|>   client-hostname "WGR614v6";
|>   client-hostname "WGR614v7";
|>   client-hostname "WGT624";
|>   client-hostname "WGT624v3";
|>   client-hostname "WPN824";
|>   client-hostname "WPNT834";
|> This a good method with low false positives, but if they change their
|> broadband router's host name it's an unknown.
|>
|> I know that Network Chemistry has a RogueScanner and I may need to
revisit
|> that product.
|>
|> Regards,
|>
|> Frank
|>
|> -----Original Message-----
|> From: unisog-bounces at lists.dshield.org
|> [mailto:unisog-bounces at lists.dshield.org] On Behalf Of Paul FM
|> Sent: Monday, July 16, 2007 9:09 AM
|> To: UNIversity Security Operations Group
|> Subject: Re: [unisog] Identifying if node is a router or PC
|>
|> Whatever does the identifying, would have to work by watching the packets
|> for
|>   DHCP and DNS (very closely, more than the standard DHCP logs), as most
|of
|> these devices will do DHCP themselves and will proxy dns (through their
|own
|> internal dns server) - it would have to fingerprint those packets (to try
|> and
|> id the manufacturer).  Other than that, the MAC address is easily (and
|> likely
|> ) forged on these devices, and the nature of NAT makes it very hard to
|> fingerprint the machine by scanning (some of the ports you connect to may
|go
|> back to the client machine).  And of couse, even a Windows XP Home
|computer
|> can be a NAT router (very easily).
|>
|> On possible way is to use SAMBA as your watcher.  Samba knows the NAME of
|> the
|> connecting machine (as the client knows it) and if you can entice your
|> clients to at least try to connect to a machine running samba, you would
|be
|> able to watch for multiple Windows clients (names) coming through one IP
|> address (something I should work on myself - thanks for getting me to
|think
|> about it).
|>
|> Also web logs may be able to help a little.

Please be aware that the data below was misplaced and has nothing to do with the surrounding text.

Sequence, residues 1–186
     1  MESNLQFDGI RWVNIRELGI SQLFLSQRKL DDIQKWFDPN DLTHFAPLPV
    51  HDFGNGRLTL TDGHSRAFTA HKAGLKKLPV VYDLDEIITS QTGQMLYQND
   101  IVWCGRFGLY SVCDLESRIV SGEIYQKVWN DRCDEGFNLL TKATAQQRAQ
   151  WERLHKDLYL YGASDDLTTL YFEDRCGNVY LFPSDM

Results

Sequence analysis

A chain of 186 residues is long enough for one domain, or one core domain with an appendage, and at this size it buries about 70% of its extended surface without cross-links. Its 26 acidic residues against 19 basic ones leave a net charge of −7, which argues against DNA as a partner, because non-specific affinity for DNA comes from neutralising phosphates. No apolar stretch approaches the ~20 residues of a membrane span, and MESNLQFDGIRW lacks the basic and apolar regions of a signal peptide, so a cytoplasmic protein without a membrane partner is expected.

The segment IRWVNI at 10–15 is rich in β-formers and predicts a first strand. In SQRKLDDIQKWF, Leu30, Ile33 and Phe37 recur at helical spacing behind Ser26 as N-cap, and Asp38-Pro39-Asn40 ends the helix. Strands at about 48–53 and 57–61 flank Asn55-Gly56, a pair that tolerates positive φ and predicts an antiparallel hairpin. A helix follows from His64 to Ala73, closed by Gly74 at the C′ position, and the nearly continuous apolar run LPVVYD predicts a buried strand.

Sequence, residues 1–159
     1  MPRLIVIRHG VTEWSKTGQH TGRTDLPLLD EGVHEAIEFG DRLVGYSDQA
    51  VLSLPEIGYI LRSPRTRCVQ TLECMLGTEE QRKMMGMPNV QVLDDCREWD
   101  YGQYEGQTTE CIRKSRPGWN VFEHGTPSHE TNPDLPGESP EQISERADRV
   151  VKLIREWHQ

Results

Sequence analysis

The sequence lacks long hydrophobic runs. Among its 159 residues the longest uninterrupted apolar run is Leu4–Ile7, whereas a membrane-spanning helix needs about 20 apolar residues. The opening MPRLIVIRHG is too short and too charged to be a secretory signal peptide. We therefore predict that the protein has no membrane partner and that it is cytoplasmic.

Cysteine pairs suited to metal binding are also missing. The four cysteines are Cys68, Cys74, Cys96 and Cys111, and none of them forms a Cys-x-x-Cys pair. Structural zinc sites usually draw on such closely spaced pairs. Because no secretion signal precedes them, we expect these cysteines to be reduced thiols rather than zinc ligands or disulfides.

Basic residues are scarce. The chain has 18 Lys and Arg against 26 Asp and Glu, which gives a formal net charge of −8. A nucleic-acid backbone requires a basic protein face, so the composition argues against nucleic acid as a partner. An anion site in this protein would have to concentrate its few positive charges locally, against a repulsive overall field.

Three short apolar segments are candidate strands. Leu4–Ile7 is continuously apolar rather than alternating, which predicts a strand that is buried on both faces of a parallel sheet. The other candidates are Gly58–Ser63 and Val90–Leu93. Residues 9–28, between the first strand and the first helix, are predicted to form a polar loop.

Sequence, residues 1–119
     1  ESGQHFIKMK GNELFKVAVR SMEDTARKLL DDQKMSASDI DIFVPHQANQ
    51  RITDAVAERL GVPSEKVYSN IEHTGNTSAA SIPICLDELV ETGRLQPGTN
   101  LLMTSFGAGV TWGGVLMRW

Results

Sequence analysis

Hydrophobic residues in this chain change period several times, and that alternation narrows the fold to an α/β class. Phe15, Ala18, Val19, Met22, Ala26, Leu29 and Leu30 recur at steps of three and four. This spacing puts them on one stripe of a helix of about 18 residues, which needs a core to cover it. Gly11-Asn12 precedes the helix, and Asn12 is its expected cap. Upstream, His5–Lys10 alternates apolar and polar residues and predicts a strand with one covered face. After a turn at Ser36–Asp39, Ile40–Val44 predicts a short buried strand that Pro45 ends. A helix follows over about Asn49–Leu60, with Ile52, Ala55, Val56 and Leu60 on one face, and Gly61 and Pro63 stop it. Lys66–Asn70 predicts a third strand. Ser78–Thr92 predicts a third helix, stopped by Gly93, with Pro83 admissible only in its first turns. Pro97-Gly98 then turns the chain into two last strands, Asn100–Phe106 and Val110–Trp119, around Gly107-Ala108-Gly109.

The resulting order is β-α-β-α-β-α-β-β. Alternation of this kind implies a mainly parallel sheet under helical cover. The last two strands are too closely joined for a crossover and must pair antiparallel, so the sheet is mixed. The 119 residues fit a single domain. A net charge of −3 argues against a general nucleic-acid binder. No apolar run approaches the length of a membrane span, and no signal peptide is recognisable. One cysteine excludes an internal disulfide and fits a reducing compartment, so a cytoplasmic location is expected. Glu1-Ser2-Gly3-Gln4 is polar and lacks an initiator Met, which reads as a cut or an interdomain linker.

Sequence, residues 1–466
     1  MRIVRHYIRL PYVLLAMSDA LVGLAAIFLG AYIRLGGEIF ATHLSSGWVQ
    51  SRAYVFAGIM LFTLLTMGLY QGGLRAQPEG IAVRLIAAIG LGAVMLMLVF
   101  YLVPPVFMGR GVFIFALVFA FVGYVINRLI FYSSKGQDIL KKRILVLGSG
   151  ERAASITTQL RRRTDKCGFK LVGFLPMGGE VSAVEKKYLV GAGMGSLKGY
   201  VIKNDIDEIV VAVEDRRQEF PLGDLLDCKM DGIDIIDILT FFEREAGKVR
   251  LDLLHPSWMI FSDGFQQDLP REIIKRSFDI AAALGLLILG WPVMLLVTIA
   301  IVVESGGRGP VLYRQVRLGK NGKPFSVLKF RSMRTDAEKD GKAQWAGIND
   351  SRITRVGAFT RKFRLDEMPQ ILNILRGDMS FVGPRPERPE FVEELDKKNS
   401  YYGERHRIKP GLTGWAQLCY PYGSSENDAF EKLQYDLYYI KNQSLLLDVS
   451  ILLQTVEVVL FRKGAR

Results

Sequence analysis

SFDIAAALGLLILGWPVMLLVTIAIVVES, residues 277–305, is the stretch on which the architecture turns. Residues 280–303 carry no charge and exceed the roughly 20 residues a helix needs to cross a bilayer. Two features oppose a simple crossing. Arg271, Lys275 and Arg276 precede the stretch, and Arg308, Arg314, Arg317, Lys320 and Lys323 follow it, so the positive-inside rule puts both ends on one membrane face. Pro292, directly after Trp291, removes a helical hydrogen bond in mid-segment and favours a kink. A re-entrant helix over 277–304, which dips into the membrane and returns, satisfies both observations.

|>
|>
|>
|>
|> Frank Bulk wrote:
|>> Does anyone know of a program, or preferably, a Perl module, that would
|>> allow me to identify if a node is a computer or a broadband router?
|>> Information beyond that (such as OS or broadband router model number)
|> would
|>> be a bonus.
|>>
|>> I looked at nmap, but based on my reading an anecdotal tests, it doesn't
|>> seem to do that well on routers that are doing NAT.  I would even accept
|> MAC
|>> address identification, too, if there was actually an updated list that
|>> extended beyond the standard OUI.
|>>
|>> Any suggestions would be helpful.  I've also looked at p0f and SinFP,
and
|>> they don't appear to be any more helpful.
|>>
|>> Regards,
|>>
|>> Frank
|>>
|>> _______________________________________________
|>> unisog mailing list
|>> unisog at lists.dshield.org
|>> https://lists.sans.org/mailman/listinfo/unisog
|>
|> --
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|> The views and opinions expressed above are strictly
|> those of the author(s).  The content of this message has
|> not been reviewed nor approved by any entity whatsoever.
|> ---------------------------------------------------------------------
|> Paul Markfort   Info: http://www.menet.umn.edu/~paulfm